In the shadows, Snowden tries to adapt to a new life in Russia
October 31, 2013 11:26 PM
By Steven Lee Myers / The New York Times
MOSCOW -- On very rare occasions, almost always at night, Edward Snowden leaves his secret, guarded residence somewhere in Russia. He is always under close protection. He spends his days learning the language and reading. He recently finished "Crime and Punishment."
Accompanying him is British activist Sarah Harrison, who works with WikiLeaks. With far less attention, she appears to have found herself trapped in the same furtive limbo of temporary asylum that the Russian government granted Mr. Snowden three months ago after he fled the United States after his disclosures of massive National Security Agency surveillance of phone calls, emails, text messages and other personal communications: safe from prosecution perhaps, but far from living freely or at least openly.
Journalist Andrei Soldatov, who has written extensively about the security services, said the FSB, the domestic successor to the Soviet-era intelligence service, clearly controlled the circumstances of Mr. Snowden's life now, protecting him and also circumscribing his activities, even if not directly controlling him. "He's actually surrounded by these people," said Mr. Soldatov, who, with Irina Borogan, wrote a history of the new Russian security services, "The New Nobility."
Hints of his life nonetheless flitter in and out of the public eye. On Thursday, his lawyer, Anatoly Kucherena, said Mr. Snowden, 30, had agreed to take a job with one of the country's major Internet companies, beginning today. Mr. Kucherena would not disclose the company or any other details, and he declined to discuss Mr. Snowden's life in exile "because the level of threat from the U.S. government structures is still very high," he said in a phone interview.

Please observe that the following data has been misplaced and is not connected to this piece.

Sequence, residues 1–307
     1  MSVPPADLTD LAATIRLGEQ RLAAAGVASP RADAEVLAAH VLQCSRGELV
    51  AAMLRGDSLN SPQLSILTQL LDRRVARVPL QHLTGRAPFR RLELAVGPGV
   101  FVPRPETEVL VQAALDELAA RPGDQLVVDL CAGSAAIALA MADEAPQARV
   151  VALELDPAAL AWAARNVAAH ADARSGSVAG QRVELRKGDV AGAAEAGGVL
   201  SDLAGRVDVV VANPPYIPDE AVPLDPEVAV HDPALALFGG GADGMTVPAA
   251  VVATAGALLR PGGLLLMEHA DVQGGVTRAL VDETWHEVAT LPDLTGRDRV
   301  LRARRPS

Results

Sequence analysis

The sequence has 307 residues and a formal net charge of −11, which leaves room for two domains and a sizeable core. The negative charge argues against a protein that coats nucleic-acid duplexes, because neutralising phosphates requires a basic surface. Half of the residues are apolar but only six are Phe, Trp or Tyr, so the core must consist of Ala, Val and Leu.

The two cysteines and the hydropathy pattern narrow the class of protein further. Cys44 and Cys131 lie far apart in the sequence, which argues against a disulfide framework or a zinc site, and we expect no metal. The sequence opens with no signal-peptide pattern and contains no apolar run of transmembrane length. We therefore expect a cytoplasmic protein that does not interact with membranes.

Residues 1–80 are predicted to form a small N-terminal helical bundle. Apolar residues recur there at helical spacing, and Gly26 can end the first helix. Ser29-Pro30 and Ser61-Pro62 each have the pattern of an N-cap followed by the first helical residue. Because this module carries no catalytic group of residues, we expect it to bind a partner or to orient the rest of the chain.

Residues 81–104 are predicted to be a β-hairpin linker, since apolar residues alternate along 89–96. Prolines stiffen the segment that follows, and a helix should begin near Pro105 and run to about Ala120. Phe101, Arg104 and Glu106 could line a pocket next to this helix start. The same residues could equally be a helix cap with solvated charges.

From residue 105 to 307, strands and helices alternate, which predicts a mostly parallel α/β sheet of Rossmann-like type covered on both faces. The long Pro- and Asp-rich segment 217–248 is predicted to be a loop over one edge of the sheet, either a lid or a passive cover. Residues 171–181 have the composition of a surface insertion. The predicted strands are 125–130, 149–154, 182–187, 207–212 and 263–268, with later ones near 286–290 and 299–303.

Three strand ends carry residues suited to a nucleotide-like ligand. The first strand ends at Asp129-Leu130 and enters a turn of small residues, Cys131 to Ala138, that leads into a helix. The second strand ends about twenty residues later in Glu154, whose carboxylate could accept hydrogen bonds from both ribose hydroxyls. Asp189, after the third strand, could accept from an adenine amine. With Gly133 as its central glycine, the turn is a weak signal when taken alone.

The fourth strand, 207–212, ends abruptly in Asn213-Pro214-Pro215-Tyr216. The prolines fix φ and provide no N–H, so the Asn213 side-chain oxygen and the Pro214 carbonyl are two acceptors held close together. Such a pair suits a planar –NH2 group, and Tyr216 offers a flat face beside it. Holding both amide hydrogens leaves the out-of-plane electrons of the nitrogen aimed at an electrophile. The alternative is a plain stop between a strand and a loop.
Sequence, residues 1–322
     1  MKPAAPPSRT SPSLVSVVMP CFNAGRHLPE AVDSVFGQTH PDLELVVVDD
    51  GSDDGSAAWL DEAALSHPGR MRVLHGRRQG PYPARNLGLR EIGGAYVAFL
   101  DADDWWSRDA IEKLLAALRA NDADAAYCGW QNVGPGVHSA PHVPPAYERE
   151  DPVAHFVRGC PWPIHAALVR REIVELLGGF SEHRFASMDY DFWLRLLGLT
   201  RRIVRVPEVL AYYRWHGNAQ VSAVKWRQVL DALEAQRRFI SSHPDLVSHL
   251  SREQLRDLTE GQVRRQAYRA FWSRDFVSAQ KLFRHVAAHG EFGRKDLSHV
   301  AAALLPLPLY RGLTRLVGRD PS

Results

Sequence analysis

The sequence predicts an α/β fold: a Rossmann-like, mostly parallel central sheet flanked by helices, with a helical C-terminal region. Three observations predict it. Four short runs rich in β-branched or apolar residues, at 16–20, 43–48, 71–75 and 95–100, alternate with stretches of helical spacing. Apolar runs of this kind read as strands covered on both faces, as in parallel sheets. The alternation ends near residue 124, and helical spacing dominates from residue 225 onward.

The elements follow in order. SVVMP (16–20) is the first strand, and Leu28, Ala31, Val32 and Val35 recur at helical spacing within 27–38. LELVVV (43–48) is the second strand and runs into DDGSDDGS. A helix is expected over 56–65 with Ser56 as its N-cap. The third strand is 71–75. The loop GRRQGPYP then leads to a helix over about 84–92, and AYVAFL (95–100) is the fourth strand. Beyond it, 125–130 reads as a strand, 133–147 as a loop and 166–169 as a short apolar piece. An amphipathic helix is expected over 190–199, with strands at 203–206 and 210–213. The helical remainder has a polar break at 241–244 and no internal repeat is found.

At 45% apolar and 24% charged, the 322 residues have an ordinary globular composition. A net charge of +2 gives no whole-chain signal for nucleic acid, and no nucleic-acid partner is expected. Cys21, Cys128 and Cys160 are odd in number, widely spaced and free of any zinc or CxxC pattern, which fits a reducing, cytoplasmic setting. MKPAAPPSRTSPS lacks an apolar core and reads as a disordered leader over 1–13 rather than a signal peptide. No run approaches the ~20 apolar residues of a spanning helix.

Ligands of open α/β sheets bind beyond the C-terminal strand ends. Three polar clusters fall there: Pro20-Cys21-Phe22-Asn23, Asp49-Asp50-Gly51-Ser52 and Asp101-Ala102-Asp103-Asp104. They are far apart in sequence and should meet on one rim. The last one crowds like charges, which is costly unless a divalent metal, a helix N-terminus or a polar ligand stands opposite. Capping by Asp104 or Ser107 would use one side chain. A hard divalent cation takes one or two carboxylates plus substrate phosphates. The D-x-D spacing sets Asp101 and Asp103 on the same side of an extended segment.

At the same time, a news agency believed to have contacts within Russia's security services, Life News, published a photograph that it said showed Mr. Snowden -- wearing a white cap, without his glasses -- on a cruise on the Moscow River beside the Kremlin. The Cathedral of Christ the Savior served as a stunning backdrop.
A previous, far less convincing photo showed a man resembling him pushing a cart of groceries in what appeared to be a shopping center parking lot. A Life News spokeswoman said both pictures had been submitted through its website, and that the senders were paid 100,000 rubles, or slightly under $3,000.
Mr. Soldatov and others cautioned that the hints themselves could be attempts at misdirection or even propaganda, creating the impression of a happy, open asylum. The security services protecting Mr. Snowden, he said, might not even try to question him soon on what he knows -- perhaps the greatest worry of U.S. officials -- but rather simply let him live in such circumstances and become increasingly dependent on them.
"He's free, but he's not completely free," said former CIA official Ray McGovern, a member of the Sam Adams Associates for Integrity in Intelligence, which met with Mr. Snowden three weeks ago in his only verified public appearance since he received asylum July 31. Even those who attended were not exactly sure where the meeting took place, having been driven in a van with darkened windows.
The possibility that Mr. Snowden might work openly in Russia could not be verified, though the conditions of his asylum would allow it in theory, and some experts doubted the notion, given Mr. Snowden's evident desire to keep a low profile
On the day Russia's migration agency granted him a one-year temporary asylum, he was publicly offered a job by the founder of Russia's most prominent social network, VKontakte, who said his expertise would help protect the personal data of the site's users. Company spokesman Georgy Lubushkin declined to comment.